In addition to these latest obsolete strategies, it's worth reviewing those from years past as well. When compiling trends for the 2010 article, I talked with my team and industry peers and conducted a good deal of research. Filtering my findings against my own digital experience dating back to 1996, I defined seven strategies no longer relevant to future success. Below is a brief recap:
Building a digital marketing team. In today's world, marketing teams should be media agnostic and develop integrated marketing campaigns by leveraging the expertise of traditional and digital-native professionals. While many marketing teams are still somewhat segmented, true media and discipline integration is increasingly popular.
Designing a website via internal stakeholder committee. The enemy of good design is groupthink. The larger the organization, the more likely the corporate website will lack creativity, consistency, and clear messaging. Google's latest algorithm updates now reward exceptionally designed websites that provide an optimal user experience. Google's algorithm is now the new stakeholder, which will reward well-designed sites with high rankings.
Managing e-marketing campaigns to impressions, clicks, or budget forecasts. A significant number of marketing campaigns are now managed based on conversions, thanks to advances in analytics and paranoia from the VPs and CMOs. Additionally, marketers now understand the importance of relative metrics, particularly for social media. The remaining marketers that still rely on outdated metrics will soon be relics of the past.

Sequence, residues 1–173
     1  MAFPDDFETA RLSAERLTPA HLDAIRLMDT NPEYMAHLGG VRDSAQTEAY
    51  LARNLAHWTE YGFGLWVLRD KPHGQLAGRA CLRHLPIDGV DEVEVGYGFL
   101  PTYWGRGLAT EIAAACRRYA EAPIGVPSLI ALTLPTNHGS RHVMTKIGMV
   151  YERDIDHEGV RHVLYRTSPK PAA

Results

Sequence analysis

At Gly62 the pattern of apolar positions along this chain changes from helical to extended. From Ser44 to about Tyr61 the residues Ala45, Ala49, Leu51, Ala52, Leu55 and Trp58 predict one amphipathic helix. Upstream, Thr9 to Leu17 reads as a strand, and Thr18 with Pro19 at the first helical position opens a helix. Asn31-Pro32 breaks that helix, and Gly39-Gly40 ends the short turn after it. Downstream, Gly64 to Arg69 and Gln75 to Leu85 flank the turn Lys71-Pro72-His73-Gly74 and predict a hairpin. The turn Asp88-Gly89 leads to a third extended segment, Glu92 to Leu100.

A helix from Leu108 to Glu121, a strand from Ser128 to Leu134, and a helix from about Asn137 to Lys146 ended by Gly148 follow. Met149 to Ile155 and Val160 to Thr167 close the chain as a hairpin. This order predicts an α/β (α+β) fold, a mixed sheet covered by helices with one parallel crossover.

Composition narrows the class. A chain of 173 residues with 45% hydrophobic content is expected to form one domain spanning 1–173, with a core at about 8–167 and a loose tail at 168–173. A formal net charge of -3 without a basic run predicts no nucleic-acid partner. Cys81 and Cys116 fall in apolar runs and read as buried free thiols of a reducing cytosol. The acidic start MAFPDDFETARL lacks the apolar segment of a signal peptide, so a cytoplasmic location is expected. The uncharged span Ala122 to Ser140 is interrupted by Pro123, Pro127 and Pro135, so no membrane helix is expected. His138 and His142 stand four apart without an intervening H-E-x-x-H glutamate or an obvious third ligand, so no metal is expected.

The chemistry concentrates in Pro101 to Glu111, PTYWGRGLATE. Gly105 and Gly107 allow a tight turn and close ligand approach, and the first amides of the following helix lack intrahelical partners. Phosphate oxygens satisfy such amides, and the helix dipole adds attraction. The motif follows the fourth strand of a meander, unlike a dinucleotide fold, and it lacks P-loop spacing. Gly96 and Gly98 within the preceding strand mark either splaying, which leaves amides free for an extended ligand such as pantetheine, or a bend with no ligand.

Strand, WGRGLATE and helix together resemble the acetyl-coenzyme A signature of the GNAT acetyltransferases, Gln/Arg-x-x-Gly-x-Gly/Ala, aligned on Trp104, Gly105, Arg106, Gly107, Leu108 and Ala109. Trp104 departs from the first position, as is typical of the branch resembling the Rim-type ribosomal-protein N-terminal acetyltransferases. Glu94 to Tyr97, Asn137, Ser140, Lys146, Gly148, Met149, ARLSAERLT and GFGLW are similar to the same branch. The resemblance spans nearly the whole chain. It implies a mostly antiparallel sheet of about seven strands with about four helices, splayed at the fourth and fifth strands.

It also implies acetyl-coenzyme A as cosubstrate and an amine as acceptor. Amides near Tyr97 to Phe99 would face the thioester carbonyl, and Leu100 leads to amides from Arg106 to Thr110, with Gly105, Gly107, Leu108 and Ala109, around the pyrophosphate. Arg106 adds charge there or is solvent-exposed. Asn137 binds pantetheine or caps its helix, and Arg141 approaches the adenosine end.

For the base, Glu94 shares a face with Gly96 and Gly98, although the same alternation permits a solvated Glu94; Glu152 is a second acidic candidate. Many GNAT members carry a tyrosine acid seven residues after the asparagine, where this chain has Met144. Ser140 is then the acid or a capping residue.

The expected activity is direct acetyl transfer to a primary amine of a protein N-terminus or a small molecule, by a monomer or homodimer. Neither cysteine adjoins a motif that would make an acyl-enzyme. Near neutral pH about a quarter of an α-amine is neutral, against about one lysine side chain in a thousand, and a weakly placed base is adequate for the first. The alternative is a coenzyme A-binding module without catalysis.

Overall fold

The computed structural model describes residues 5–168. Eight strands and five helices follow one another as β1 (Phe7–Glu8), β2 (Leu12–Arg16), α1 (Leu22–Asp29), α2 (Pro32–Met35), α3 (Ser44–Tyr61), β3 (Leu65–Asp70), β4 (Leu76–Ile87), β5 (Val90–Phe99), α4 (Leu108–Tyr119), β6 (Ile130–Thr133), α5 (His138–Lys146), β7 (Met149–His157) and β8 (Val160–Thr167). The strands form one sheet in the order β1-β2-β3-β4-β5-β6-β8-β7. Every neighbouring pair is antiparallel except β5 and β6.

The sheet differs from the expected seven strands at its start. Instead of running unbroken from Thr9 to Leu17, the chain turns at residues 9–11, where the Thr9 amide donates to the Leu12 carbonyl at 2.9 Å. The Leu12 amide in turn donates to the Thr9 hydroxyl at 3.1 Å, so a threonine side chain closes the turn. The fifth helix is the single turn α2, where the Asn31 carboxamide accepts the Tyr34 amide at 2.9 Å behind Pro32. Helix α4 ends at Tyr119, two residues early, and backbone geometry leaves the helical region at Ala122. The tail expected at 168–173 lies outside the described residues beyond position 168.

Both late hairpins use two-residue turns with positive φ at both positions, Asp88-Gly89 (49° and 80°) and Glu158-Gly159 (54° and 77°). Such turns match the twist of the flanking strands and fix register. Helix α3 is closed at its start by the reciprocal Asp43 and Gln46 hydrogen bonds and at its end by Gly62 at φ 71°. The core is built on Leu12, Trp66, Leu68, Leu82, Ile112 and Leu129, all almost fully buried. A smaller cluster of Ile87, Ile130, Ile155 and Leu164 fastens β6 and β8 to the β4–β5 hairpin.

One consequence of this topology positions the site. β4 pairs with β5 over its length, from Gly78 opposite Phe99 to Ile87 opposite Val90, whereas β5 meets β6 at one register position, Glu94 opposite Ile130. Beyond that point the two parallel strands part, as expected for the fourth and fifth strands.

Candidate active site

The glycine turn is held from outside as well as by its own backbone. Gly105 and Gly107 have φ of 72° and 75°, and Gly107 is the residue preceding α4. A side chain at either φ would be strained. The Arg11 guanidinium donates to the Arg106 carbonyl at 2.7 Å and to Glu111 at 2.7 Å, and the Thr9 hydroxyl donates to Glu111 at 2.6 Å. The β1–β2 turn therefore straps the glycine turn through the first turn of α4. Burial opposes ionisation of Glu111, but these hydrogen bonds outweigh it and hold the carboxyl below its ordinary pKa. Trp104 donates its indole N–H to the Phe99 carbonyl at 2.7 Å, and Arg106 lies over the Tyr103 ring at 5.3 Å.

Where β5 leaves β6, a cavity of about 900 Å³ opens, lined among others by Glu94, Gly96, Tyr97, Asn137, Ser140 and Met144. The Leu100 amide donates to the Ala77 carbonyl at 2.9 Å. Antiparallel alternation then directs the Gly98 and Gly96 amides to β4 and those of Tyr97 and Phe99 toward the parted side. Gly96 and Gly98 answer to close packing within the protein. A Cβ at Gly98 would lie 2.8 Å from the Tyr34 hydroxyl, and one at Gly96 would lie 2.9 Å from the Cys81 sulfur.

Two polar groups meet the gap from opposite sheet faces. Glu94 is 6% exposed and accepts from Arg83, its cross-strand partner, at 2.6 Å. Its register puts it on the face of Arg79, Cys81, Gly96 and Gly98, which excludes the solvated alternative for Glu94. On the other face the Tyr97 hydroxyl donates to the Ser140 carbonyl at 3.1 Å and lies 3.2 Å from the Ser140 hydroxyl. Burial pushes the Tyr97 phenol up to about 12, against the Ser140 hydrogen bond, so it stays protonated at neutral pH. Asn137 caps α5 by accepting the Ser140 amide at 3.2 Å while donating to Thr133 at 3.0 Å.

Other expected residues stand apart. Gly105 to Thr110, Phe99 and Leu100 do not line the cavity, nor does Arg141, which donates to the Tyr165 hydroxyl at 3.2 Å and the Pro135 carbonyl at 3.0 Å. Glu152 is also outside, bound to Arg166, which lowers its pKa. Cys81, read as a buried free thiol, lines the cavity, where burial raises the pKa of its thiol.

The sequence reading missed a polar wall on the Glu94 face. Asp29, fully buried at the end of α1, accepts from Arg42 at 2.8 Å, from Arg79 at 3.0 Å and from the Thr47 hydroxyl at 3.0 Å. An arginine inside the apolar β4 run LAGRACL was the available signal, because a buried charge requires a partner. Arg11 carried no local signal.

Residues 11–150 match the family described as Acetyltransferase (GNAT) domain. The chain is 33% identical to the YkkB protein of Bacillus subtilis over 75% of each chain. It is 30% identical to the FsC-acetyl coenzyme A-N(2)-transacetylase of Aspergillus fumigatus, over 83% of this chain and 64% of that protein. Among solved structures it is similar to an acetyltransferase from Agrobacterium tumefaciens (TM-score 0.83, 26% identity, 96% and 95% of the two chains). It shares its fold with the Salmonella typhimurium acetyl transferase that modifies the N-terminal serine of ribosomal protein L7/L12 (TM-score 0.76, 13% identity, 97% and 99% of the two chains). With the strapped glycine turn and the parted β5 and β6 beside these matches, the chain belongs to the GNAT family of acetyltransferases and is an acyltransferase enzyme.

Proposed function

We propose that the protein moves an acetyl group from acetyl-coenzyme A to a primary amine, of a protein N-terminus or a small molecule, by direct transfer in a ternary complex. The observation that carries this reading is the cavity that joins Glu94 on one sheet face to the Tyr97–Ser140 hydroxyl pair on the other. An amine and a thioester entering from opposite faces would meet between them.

Paying third-party vendors to represent your brand in social media. Thank goodness this trend is finally taking a turn in the right direction. Many brands are taking social media management in-house, after agencies and consultants have fallen woefully short. Effectively managed in-house social media does require new thinking and evangelism. Remaining social media agencies must rethink their approach in order to stay relevant.
Doing black-hat SEO. I wrote this article before Panda and Penguin updates took hold. Those updates meaningfully affected rankings for companies failing to follow best practices for content creation, site design, and link development. Finally, the intersection of good search engine optimization, marketing, and website design is here, and this trend is very real.
Renting email lists. As far as I can tell, the idea that you can rent an email list and expect to generate tons of qualified leads is a long-dead concept, thanks to CAN-SPAM compliance and savvier consumers. Now, more than ever, marketers are relying on search engine and social media marketing and other strategies to generate leads rather than relying on ineffective email list rentals.
Sending unsegmented or untargeted emails. The rapid adoption of sales and marketing automation platforms has led to a much higher level of list segmentation and generation of highly targeted emails. Gone are the days of blanket emails to a large database, at least for truly successful organizations.
The digital marketing landscape is dynamic. In order to stay on top of the latest trends, you must have the discipline to continually test, learn, and network. Two additional helpful resources for looking forward include these articles: "2013 Search Engine & Social Media Marketing Predictions You Can't Ignore" and "5 digital trends you need to embrace."
Kent Lewis is president and founder of Anvil Media, a search engine marketing agency based in Portland, Ore.
On Twitter? Follow Lewis at @kentjlewis. Follow iMedia Connection at @iMediaTweet.
"Illustration with spider web" and "computer designed grunge border" images via Shutterstock.
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Thank you Kent ;-)